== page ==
Forest of Fire
Days pass, and you begin to grow tired of the endless trees. You occasionally glimpse a tree that is different than the wide redwoods, but the sheer girth of those behemoth-sized plants tends to prevent other types of trees from taking root. The path winds around the bases of these trees; sometimes your horses have to hop over roots while the pilgrims' carts have to be carefully rolled over or around them. You curse the poor maintenance of the road system here in Quempo and resolve to mention it to someone important once you reach Kwinan. One day, as you are following the road, the space abruptly clears, leaving a clearing. But the clearing isn't natural; your horse almost trips over a piece of wood that is charred all along one side. You suddenly remember the reason they call it the Forest of Fire; whatever apocalyptic flame that decimated the forest over a thousand years ago never truly left. As you leave the clearing, your caravan's leader calls a halt. "Did you hear that?" He holds his hand up for calm, and you hear it too. The birds in the area have gone silent. You grip the hilt of your longsword for the next hour as your group eventually moves on. The Forest of Fire is the largest forest in the world. Much of it has never seen the hand of Sedestan civilization. You'd do well to remember that.
GeographyThe Forest of Fire is a large flat expanse of trees stretching across western Quempo. It goes from the shores of the Talen Sea and the Craggy Peaks in the west to the shrubland at the edge of the Great Grass Sea in the east. It easily forms the western half of the nation, and much of the Empire's economy is focused in the region. The forest's lush interior is due to the hundreds of small rivers and streams that come down from the Craggy Peaks or the Kral-Dogash. One is never far from a brook, which would allow the Quempian people to become very numerous if the woods were not equally as isolating and infested with monsters.
Fauna & Flora
Redwoods dominate the ecology of the Forest of Fire; their sheer size gives them access to much of the light and rain that arrives here from the west. Birds nest in their branches and squirrels and other woodland animals live in its roots and boughs. Many other coniferous trees grow in the shadow of the redwoods, counting among them various cedars, pines and firs. They are most numerous at the forest's edge and in the far west north of Darkwater. Since redwoods take decades to grow to their full size, the quicker-growing other conifers are much more successful for a time. Running through the forest are various herbivores such as deer, rabbits and elk. Due to the plentiful nature of game here, many semi-civilized monsters like minotaurs and gnolls inhabit the forest, as well as the occasional enclave of firbolgs or berilar.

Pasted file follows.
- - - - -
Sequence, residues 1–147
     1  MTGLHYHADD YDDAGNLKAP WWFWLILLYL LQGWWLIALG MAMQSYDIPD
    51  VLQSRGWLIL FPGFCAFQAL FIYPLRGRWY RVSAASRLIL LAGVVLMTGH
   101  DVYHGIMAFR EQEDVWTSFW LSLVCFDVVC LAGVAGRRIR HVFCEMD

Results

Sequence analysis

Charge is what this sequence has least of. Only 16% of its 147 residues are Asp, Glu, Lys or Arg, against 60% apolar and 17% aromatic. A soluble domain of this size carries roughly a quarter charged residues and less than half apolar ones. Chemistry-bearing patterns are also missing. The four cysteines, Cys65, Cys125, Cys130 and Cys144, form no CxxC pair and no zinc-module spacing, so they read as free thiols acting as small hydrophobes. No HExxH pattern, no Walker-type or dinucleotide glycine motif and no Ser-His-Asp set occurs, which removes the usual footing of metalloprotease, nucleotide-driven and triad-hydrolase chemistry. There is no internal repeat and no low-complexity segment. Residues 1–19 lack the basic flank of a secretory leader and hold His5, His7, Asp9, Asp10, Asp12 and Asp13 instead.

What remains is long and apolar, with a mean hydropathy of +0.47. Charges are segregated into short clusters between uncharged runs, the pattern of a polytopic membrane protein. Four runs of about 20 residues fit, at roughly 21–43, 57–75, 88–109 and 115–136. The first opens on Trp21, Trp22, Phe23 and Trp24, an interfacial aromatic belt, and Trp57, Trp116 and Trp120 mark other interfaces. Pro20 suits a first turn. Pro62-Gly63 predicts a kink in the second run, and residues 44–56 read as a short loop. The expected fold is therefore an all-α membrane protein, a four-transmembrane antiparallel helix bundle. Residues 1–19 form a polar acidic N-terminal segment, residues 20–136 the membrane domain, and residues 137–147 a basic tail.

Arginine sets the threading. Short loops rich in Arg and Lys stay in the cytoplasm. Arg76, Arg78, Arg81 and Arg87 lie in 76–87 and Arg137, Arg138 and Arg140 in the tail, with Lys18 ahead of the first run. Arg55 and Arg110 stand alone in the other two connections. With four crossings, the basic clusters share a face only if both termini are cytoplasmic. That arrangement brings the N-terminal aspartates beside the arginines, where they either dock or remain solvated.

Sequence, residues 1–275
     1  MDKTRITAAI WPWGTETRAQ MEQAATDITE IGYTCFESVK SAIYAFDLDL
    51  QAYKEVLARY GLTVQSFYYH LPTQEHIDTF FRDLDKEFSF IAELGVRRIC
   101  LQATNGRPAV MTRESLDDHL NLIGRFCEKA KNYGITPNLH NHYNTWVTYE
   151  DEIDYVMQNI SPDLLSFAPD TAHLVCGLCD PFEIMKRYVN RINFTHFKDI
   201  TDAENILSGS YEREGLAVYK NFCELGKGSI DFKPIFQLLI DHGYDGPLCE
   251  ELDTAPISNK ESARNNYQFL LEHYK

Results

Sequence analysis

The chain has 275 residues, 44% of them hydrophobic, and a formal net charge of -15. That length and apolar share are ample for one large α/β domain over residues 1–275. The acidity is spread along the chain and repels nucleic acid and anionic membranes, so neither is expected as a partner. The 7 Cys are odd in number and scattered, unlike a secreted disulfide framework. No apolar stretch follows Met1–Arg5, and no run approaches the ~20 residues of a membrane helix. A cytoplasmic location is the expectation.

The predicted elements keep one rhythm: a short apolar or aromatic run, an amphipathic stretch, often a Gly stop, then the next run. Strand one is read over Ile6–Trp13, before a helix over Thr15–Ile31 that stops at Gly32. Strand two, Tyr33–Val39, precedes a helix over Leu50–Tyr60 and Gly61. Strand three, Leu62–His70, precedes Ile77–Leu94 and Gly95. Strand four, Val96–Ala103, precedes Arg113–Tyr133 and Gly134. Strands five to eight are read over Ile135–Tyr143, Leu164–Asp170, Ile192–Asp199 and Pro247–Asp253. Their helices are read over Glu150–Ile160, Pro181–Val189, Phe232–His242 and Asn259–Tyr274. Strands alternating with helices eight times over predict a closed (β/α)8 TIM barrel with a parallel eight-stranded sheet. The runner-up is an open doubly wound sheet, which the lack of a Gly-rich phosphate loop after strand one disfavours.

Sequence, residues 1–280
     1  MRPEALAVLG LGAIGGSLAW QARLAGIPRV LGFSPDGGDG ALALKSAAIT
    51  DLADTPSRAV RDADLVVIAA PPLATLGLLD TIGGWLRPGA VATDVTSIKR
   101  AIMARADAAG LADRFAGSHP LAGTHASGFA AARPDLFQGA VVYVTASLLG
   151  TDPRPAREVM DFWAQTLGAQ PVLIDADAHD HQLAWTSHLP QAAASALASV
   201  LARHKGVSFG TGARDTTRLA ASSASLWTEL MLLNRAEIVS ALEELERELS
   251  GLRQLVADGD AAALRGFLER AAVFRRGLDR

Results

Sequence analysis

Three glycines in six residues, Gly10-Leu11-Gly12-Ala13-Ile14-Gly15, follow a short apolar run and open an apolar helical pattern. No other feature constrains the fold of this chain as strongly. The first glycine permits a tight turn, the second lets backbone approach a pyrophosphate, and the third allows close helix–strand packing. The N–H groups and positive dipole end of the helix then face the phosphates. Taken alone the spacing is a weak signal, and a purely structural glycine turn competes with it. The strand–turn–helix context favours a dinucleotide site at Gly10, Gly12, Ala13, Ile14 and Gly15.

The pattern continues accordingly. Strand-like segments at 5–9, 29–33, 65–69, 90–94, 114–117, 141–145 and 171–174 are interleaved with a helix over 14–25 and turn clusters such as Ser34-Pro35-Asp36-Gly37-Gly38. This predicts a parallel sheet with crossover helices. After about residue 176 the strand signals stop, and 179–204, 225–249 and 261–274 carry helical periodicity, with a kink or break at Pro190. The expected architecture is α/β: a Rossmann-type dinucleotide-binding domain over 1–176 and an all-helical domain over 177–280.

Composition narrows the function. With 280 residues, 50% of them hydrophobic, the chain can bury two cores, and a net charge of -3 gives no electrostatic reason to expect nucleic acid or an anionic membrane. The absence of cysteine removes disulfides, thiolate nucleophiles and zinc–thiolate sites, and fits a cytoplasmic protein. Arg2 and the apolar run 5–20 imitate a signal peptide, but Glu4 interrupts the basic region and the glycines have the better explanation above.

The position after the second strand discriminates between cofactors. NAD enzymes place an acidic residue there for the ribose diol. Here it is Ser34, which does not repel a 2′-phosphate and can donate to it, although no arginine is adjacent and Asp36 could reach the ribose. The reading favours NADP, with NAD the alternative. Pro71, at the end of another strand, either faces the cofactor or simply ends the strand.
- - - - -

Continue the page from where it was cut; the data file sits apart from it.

Lumber makes up the major industry for the scattered towns of the Forest, with the thick redwoods being perfect for constructing the various fleets of the world. Mills and logging camps dot the forest, with many broken, abandoned or destroyed ones littering the forest floor. The thick overgrowth of the forest supports a wide variety of plants and animals which are used for medicinal purposes. Deadbane and Nëra Trees are two most obvious examples, but flowers grow from many fallen logs and in clearings and a wide variety of shrubs live here.
The Veridian Forest (formerly)
Forest, Boreal (Coniferous)
HistoryThe Veridian Forest (as it was called in the Second Era) was the largest forest to survive the Great Sundering. It covered all of what is now the Empire of Quempo, reaching The Tourmaline Sea in the east. The various cities and small baronies of the Forest were well-integrated into the forest's ecology and well-protected from the monsters and beasts roaming the land. Everything changed when the Arrival began. Due to the sheer size and isolated nature of the Veridian Forest, the various urukani and darukhasi villages that appeared there made a huge impact. Many of the villages that used to exist in the Forest were overrun in the confusion of that event, which made what followed it even more devastating. For then came the Five-Hundred-Day Fire; for nearly a whole year, the forest erupted into bright-red fire. Locals suddenly found their entire towns on fire overnight. Ash darkened the skies for years afterwards, killing much of what survived. Thousands starved as their livelihoods were burned to a crisp in front of them. For the past thousand years, the people of Quempo have still been recovering from the Fire. Most of the forest has grown back, but much of its former area is now dust and sand, barely able to allow shrubs and grass to root. And beasts have returned to the wood in great numbers, which prevents large scale resettlement of the abandoned towns and cities here.
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